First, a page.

Here’s How Banks Are Helping Distressed Borrowers

Questionable mortgage practices at the nation’s largest financial institutions received a lot of attention from federal regulators after the financial crisis, and as part of its efforts to corral and remedy banks’ foreclosure violations, the Justice Department pursued legal settlements with Bank of America (NYSE:BAC), Citigroup (NYSE:C), JPMorgan Chase (NYSE:JPM), Wells Fargo (NYSE:WFC), and Ally Financial (NYSE:GMA).

Last February, those institutions resolved the allegations of banking misconduct by agreeing to fund about $20 billion in consumer relief, with the majority of that amount reserved to help distressed borrowers stay in their homes. In the intervening year, the banks have made significant efforts to fulfill their obligations; a report issued by monitor Joseph A. Smith Jr., a former North Carolina Banking Commissioner, showed that all five were on track to meet the terms of their deal.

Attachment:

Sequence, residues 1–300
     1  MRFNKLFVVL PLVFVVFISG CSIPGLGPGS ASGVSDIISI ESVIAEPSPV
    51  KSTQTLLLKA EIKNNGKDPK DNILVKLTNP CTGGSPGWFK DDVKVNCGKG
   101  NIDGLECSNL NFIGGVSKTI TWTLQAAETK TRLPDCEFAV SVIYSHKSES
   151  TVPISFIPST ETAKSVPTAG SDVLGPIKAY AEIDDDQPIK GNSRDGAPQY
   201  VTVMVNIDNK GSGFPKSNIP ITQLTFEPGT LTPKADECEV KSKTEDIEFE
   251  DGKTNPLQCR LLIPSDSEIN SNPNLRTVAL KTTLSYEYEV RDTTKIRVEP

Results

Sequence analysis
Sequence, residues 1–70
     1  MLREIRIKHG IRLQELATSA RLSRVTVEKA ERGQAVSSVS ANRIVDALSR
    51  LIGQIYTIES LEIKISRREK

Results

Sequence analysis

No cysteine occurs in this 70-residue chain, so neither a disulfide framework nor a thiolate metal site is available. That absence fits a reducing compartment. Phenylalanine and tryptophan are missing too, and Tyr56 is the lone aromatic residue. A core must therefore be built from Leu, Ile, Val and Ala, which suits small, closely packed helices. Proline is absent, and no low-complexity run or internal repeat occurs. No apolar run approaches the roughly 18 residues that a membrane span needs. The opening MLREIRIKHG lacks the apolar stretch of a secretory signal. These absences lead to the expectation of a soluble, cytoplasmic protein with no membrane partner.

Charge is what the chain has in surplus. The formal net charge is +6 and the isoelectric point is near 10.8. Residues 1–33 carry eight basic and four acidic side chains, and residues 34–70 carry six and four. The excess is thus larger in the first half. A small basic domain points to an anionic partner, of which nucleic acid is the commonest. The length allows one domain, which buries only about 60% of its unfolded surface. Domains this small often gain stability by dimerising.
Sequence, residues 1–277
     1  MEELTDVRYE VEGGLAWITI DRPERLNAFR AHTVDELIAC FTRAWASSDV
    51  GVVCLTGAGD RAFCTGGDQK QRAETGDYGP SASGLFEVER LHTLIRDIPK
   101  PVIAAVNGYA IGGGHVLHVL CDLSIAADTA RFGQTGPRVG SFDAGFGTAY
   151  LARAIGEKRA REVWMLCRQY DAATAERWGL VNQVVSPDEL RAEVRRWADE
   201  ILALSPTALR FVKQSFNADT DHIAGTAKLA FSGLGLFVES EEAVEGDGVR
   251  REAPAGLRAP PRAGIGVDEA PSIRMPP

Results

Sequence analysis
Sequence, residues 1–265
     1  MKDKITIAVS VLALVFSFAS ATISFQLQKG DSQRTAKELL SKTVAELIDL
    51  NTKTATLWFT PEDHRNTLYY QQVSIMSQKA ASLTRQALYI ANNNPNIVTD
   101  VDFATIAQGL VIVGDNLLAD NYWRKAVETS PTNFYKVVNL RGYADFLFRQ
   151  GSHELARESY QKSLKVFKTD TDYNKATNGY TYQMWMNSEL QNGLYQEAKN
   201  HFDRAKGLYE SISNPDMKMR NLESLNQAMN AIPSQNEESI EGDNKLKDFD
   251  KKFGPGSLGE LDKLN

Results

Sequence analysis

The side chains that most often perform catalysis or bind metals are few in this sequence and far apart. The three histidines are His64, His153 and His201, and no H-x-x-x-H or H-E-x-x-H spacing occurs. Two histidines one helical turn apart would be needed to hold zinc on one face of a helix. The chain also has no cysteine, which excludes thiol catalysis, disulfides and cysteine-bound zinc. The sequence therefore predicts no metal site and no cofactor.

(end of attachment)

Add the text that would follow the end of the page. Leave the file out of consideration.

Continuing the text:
However, Smith did note that the banks still needed to improve their compliance with the loan servicing standards laid out in the settlement.

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The terms laid out by the federal government required the five banks to furnish at least $10 billion in loan write-downs and $10 billion in other kinds of homeowner aid, including short sales, a practice by which banks accept less than the total amount owed on a mortgaged property to avoid foreclosure…

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